After looking at the Tri-Color coat for ages, and finally acquiring the perfect fabric to make it I realized I would still have tons of fabric leftover. I hadn't clicked around to see the rest of the items in the original Burda collection: "Wake up Wool" where the coat first appeared but did so and found another winner. I really like the way they do their patterns in little collections of 5 to 10 patterns. Which I suppose is because their pattern magazine is in the style of a fashion magazine with editorial spreads. Some collections are mostly bonkers, sometimes they have a couple of absolute gems and sometimes they really succeed with most every pattern in the collection looking great and potentially a garment I would want to sew and wear. (and their plus collections are often even better, I give you this example of a recent one: Hotel Bar. Totally glam and gorgeous with one oddball).
That was a long way round to say that I found another pattern in that collection to accompany my tricolor coat. Also a big thank you to everyone for all your wonderful comments on my finished coat. I was sure the color combo would not appeal to many people other than me, so I appreciate all your nice words so much. I have been wearing it a lot! And not shipping it off to anyone. A few readers here and on Pattern Review who requested I do so :) By the way - I did enter into the Color-Blocked contest on Pattern Review, the voting is now open until 12/24.
This is the Wave skirt, Burda 12/2012 # 109. Which is going straight into my small collection of TNT patterns as it is a breeze to sew and fit beautifully. A tiny bit of extra study of the pattern pieces to make sure I got the wavy section right, but otherwise a very nice pattern that I could see adjusting for other things or even as the bottom half of a dress.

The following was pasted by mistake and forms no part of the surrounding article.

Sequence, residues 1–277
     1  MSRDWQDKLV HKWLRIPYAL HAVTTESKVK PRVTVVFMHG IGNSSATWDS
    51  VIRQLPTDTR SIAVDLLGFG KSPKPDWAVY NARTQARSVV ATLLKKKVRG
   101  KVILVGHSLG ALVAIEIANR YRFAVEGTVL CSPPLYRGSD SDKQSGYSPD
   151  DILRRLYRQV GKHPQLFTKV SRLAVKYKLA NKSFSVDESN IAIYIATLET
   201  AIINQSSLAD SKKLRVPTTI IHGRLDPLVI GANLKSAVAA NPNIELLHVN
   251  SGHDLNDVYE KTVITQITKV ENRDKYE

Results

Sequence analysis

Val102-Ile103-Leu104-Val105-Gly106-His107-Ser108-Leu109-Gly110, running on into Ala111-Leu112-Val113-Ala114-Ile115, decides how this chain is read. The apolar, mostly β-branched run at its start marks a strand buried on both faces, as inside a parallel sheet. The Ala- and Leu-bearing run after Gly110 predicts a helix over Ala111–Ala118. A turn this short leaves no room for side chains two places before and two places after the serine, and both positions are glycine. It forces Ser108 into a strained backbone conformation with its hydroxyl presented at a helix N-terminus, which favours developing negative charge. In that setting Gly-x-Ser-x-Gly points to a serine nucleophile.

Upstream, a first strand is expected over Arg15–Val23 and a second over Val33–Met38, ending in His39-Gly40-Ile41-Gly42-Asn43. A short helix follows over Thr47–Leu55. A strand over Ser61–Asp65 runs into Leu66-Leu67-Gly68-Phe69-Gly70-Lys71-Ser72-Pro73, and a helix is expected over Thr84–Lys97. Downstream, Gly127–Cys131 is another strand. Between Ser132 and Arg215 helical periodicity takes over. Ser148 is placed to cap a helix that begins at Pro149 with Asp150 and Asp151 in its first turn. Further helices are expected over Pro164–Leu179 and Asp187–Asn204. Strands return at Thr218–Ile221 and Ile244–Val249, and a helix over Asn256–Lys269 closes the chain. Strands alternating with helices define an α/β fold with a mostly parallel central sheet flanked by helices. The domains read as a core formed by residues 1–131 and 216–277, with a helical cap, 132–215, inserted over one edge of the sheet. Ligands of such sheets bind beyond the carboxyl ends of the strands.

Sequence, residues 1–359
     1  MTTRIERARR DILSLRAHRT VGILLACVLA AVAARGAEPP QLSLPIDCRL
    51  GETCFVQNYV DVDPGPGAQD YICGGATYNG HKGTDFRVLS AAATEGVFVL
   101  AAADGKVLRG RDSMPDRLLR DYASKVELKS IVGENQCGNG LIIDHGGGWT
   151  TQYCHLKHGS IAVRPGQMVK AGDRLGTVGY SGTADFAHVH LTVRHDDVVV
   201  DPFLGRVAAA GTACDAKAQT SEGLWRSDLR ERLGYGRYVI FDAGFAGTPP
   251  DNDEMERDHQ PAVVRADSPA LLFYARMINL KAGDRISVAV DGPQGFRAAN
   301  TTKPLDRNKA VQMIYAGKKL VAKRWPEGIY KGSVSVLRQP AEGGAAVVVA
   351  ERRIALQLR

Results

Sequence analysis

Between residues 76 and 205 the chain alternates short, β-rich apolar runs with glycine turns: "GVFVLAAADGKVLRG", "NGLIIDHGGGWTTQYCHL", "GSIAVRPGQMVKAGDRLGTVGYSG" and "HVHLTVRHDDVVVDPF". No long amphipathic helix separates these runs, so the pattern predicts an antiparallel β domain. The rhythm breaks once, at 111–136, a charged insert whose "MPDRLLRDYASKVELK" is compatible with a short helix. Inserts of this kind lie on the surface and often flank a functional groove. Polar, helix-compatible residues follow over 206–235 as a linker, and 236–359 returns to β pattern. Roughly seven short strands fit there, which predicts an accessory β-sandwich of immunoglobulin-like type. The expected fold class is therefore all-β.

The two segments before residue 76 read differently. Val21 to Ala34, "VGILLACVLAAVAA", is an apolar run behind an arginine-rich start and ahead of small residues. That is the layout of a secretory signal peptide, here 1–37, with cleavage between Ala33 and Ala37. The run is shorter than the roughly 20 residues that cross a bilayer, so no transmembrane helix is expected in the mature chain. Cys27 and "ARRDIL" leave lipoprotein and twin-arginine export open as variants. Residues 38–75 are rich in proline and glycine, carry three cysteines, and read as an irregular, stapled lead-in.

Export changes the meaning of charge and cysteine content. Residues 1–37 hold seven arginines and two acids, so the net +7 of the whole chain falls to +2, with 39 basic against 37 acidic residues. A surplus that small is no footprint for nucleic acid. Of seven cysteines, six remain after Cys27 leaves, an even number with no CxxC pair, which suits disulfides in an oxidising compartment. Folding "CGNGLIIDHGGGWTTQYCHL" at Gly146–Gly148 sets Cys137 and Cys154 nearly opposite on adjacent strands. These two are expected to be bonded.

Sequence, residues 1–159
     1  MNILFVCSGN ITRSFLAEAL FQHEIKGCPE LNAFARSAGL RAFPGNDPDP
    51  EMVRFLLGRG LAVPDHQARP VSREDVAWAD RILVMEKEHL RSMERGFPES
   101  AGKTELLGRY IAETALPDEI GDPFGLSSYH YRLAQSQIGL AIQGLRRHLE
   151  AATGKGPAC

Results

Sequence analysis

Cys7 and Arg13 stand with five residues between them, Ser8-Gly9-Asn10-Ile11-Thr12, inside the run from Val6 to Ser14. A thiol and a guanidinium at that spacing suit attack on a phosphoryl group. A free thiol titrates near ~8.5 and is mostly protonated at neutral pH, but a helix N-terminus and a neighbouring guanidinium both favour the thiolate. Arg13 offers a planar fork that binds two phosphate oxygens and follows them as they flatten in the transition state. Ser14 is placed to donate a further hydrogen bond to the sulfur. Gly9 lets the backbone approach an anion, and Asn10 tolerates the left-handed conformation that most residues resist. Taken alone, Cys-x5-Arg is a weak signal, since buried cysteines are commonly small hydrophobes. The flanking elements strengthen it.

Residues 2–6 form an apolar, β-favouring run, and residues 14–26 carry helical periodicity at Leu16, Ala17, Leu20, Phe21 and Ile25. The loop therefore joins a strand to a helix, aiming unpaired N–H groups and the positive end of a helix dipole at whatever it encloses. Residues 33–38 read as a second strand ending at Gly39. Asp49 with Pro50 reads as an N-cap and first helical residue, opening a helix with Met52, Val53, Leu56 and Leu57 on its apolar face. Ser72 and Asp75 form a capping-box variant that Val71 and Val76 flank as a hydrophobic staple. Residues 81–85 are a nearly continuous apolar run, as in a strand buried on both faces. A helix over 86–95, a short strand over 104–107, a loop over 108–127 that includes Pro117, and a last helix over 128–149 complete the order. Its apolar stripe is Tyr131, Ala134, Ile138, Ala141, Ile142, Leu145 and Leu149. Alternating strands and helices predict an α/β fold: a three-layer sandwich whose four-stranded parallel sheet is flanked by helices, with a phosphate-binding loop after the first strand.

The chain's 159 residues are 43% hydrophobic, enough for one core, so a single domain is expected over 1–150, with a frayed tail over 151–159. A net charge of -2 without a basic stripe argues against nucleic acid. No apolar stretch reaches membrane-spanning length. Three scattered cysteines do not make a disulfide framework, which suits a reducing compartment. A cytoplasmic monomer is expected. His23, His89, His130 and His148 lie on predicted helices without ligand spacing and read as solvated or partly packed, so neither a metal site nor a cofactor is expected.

What I really liked about this pattern are the darts which give a great fit front and back. Also this pattern calls for fulled loden fabric which I suppose is felted wool? In any case my coating fabric seemed just right. And Bonus! it calls for no hem, which also is something you can do with this type of felted fabric. Of course that means I needed to get the length just right before cutting out. I did that by comparing to one of my other skirts and figured out the total length, which turned out to be similar to the pattern so no change. For size I cut out the size for my hip measure and took in the waist to fit.
In the tech drawing it showed a zipper in the center back but I thought the zip was on the side, and that is how I sewed it. Which actually seems better, so no seam bisecting the contrast wave at the bottom back.
No waistband, I used my method of "waistband-less" skirt making, as I did with this skirt.